News National The Trump effect on Australia and the ‘post-truth’ paradigm
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The Trump effect on Australia and the ‘post-truth’ paradigm

malcolm turnbull
Donald Trump's 'post-truth politics' may be having an influence in Australia. Photo: AAP
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It is now disturbingly obvious the world changes when the United States gets a new president. Especially if that president has forged a new political paradigm that can be best described as ‘post-truth politics’.

It’s post-truth in the sense that Donald Trump seized on the theory of the “big lie” and pushed it to the limit.

The theory is: a big lie told often enough and repeated ad nauseum becomes a political truth.

Mr Trump started early in his campaign with “crooked Hillary”, but that was only part of the framing. The other essential ingredient was a coarse sharing of voters’ prejudices, concerns and fears.

A whole kaleidoscope was in play – bigotry, racism, misogyny, xenophobia and nativism.

Then almost as if he had experienced some sort of Pauline conversion the moment he was elected president, Mr Trump began to recalibrate.

The extraordinary first interview as president-elect seen on Australian TV on Monday night was a continuation of his acceptance speech as the great reconciler.

The Clintons are good people and Hillary a worthy opponent no less. Can you believe it?

Political leaders everywhere are struggling to come to terms with this erratic and contradictory display. The Australian Prime Minister is no exception.

In announcing what is a humane solution for the desperate men, women and children detained interminably on Manus and Nauru, Malcolm Turnbull has been hit by the Trump effect.

Will the man who demonised Muslims and illegal migrants during the campaign honour the deal Mr Turnbull has done with the Obama administration?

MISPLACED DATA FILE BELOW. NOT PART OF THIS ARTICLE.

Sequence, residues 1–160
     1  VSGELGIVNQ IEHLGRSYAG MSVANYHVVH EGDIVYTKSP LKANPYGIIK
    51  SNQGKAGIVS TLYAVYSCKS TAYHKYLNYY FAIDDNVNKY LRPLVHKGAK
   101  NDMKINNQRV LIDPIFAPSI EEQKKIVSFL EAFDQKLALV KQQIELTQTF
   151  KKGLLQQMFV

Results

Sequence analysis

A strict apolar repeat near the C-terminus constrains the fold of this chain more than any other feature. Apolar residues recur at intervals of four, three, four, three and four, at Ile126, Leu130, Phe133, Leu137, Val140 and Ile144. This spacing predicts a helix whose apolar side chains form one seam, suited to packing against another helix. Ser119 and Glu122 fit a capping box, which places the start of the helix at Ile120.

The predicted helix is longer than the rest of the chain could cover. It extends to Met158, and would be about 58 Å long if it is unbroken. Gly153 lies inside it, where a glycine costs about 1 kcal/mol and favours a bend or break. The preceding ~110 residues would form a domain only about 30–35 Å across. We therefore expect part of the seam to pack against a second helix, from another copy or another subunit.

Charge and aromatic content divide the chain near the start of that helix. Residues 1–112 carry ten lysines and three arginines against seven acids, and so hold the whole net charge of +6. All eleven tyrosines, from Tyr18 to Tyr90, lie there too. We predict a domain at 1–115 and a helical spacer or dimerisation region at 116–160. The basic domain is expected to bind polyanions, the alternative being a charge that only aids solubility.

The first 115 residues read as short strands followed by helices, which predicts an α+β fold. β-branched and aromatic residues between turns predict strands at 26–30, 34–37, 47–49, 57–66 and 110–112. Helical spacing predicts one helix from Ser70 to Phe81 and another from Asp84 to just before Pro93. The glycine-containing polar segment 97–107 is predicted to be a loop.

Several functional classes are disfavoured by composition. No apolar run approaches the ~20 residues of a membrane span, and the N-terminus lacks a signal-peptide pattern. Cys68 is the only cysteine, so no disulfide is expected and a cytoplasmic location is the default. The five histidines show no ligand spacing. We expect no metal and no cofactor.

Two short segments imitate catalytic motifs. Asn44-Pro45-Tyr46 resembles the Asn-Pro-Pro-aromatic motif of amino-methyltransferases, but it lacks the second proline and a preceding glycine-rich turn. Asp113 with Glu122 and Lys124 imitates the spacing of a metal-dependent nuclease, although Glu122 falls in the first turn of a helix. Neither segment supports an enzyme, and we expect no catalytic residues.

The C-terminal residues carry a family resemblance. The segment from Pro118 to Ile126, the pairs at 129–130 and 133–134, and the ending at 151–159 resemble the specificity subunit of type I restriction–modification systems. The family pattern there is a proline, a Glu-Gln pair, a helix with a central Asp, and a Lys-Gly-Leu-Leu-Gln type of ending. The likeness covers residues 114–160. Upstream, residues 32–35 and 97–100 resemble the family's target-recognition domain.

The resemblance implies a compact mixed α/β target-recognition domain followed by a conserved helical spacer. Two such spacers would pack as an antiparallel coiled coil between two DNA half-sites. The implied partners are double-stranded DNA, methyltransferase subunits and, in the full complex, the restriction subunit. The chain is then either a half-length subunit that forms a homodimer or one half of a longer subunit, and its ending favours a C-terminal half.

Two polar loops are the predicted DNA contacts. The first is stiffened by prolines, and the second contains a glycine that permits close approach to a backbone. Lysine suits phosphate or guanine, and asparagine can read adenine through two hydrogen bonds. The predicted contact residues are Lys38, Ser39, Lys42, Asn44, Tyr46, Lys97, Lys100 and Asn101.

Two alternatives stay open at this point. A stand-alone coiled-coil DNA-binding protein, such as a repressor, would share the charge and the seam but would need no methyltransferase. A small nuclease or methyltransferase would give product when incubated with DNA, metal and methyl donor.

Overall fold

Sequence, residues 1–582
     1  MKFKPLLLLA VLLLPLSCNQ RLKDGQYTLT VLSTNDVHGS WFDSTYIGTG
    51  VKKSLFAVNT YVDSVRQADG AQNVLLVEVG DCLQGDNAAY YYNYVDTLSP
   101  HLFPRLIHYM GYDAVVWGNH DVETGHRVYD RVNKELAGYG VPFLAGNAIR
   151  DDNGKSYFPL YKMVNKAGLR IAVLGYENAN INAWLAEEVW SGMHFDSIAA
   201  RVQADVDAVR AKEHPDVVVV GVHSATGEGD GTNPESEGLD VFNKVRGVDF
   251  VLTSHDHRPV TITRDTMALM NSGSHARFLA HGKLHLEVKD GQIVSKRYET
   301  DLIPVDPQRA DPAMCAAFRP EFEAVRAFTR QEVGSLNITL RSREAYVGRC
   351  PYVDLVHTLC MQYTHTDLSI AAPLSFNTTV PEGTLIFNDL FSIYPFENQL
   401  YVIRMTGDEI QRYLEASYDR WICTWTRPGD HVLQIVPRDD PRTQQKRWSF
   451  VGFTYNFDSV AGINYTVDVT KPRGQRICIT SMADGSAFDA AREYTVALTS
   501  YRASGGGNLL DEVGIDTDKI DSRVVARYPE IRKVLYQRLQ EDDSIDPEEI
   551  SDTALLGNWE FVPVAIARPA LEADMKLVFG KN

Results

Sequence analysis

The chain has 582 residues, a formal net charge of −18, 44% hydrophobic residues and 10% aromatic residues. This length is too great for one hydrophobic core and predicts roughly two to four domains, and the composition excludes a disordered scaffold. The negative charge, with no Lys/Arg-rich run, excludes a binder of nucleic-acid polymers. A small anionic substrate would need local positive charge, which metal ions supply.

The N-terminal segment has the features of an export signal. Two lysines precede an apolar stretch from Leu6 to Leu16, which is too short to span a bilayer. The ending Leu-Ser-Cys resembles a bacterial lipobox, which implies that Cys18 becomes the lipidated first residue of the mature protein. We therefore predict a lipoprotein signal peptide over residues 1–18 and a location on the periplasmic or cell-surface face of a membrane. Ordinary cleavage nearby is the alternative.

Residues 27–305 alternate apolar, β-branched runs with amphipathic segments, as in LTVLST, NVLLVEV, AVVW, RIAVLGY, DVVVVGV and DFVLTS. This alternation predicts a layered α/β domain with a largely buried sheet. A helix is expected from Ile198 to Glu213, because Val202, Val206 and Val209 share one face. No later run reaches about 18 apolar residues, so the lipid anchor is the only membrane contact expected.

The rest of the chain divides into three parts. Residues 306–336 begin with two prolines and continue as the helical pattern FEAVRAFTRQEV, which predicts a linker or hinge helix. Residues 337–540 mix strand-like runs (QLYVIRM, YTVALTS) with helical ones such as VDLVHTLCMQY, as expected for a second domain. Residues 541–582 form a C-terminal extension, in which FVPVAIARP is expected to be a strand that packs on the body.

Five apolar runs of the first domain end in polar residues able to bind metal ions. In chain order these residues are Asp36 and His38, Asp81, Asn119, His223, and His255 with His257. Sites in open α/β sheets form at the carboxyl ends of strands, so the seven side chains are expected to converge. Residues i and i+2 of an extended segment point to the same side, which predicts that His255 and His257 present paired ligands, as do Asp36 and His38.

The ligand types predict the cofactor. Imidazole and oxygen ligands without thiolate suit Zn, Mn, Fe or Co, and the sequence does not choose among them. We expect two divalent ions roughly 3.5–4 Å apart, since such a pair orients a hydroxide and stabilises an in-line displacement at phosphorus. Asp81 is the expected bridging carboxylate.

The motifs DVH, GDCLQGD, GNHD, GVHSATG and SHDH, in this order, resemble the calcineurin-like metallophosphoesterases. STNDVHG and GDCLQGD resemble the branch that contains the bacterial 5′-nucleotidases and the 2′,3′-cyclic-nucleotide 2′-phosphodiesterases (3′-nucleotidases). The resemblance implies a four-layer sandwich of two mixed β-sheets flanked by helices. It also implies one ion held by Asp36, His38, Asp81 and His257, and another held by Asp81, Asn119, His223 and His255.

That deal would see 1600 United Nations-assessed refugees transferred to the United States for settlement. Australia will take an unspecified number of similarly assessed refugees from UNHCR camps in Costa Rica.

The head of an anti-immigration think tank in the United States, Mark Krikorian, told Fairfax Media: “This is the kind of thing the Trump administration will nix on day one.”

That gives the Turnbull government just two months to get the deal done if Mr Krikorian is right.

refugees deal australia
Malcolm Turnbull may have to be quick to implement his refugee relocation plan. Photo: AAP

Mr Turnbull consoles himself with the thought that “there is only one US president at a time” and Barack Obama is still the one.

Also, the refugees Mr Obama is taking off Australia’s hands and conscience, are not additional to America’s annual refugee quota of 100,000. Of course, Mr Trump may believe that’s too high; Mr Obama raised it by 10,000 a couple of years ago.

Australia’s acceptance of the South Americans will be similarly within our quota of 13,750 refugees, which is rising to 16,250 next year.

Mr Turnbull sees his agreement with the US as mutually beneficial and in line with a ”long co-operation” between the two nations on humanitarian objectives.

He is hoping ‘Trump the reconciler’ will see it that way. So far he hasn’t discussed it with him.

Barack Obama and Donald Trump
“Trump the reconciler?” Photo: Getty

However this plays out, the Trump effect seems to be influencing political discourse in other negative ways.

While Mr Turnbull has definitely raised the tone since becoming PM, something of the “big lie” has rubbed off.

He is irked by Bill Shorten’s appeal to xenophobia over temporary migrant workers taking Aussie jobs – itself definitely ‘Trumpist’ – and has hit back.

Without blushing, Mr Turnbull asserted that Mr Shorten is supporting a proposition that foreign backpacker workers should pay no tax at all. So how is that fair on Australian workers alongside them picking fruit and paying tax, he asked.

It’s not, and Mr Shorten isn’t proposing it.

Labor’s Joel Fitzgibbon condemned the PM for a “bald-faced lie”.

Federal Hunter MP Joel Fitzgibbon is scathing of the government's decision to scrap the Gonski education model.
Labor’s Joel Fitzgibbon rejects the ‘big lie’ on backpacker tax policy. Photo: AAP

The Shorten proposal is for a 10.5 per cent tax on the first dollar earned by a backpacker. The Australian worker doesn’t pay any tax until they earn $18,200 when the tax free threshold is passed.

But before Australian politicians get too carried away with the success of post-truth politics – until now at least, leaders who are seen as mean, tricky and untrustworthy or to have broken promises have been marked down and out.

As they should be.

Paul Bongiorno AM is a veteran of the Canberra Press Gallery, with 40 years’ experience covering Australian politics. He tweets  at @PaulBongiorno

For more columns from Paul Bongiorno, click here

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